THIS IS THE THIRD OF A FIVE-PART SERIES ABOUT THE NEED FOR MORE PUBLIC RADIO TALK & INTERVIEW PROGRAMS
Celeste Headlee is the Executive Producer and Host of On Second Thought (OST) from Georgia Public Radio (GPB), part of the new generation of public radio talk shows we are saluting this week. It airs weekdays from 9am to 10am [link] on GPB’s statewide network now including WRAS in Atlanta.
Live is important to Headlee and her team because of the in-the-moment urgency it brings. When live audio is captured it can be multi-versioned into podcasts plus digital and social media platforms.
“Live audio is heard on about 80% of the show,” Headlee said. “We consider the on-air folks the be human beings, like you and me. Occasional mistakes are allowed because they are real human moments.”
PROGRAM CLOCK REQUIRES PRECISE TIMING
Several of the out-state GPB stations use automation that requires a strict clock with “hard posts.” As you can see in the rundown template at right, OST has three major segments. There are typically five, and a minimum of three, topics per day.
The show has several reoccurring
features: Georgia Playlist, a Desert-Island-Disc segment where guest’s Georgia-oriented tunes are played; and, The Breakroom where a Friday panel of guests and insiders dissect the week’s news and listen to live music.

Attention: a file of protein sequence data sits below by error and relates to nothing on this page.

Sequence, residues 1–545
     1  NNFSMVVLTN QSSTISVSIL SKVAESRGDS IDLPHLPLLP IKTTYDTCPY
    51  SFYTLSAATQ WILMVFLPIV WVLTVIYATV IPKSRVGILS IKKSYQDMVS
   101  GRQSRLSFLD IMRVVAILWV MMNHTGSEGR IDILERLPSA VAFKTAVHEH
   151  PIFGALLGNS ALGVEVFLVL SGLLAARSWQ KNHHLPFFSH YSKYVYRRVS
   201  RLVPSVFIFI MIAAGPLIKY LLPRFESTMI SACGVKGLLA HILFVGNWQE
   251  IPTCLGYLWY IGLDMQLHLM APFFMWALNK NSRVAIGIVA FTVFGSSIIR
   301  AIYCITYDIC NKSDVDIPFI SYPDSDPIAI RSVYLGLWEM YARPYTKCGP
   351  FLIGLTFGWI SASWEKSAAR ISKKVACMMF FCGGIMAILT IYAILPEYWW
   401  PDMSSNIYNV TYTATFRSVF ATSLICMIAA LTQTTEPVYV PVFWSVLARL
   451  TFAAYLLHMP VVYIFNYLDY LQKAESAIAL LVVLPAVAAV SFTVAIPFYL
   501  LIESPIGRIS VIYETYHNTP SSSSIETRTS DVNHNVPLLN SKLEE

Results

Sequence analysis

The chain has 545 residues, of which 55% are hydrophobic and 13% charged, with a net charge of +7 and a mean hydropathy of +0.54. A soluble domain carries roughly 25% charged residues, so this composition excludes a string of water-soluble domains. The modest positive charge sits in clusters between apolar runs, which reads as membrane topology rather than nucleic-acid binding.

Cultural and arts topics are frequently included, but according to Headlee “They must have a news peg because the bottom line is that we are a news program.”
An example is OST’s recent coverage [link] of Savanna’s tribute to an Elvis Presley concert held in the city 60 years ago. “The anniversary and the opening of a related photo exhibit made it relevant, something happening new that our listeners might want to attend.”
Here is how GPB promoted it:
Sixty years ago, a pair of blue suede shoes touched down in Georgia. Savannah played host to Elvis Presley's first concert in that city in June 1956. The concert hall was packed with fans, mostly teenagers. One of those was 14-year-old Dee Sutlive, who is now covering the show for the Savannah Morning News.
Be there or be square.
SO FAR, SO GOOD
OST (as well as GPB’s Atlanta station) began less than two years. Both are evolving. For instance, OST currently has a larger staff – four people – that the entire Atlanta station’s newsroom.
Since then Atlanta station WRAS is gaining momentum and listeners. As we reported in last March [link], in Fall 2015 Nielsen Audio PPM ratings WRAS was the fasted growing NPR News station in the nation.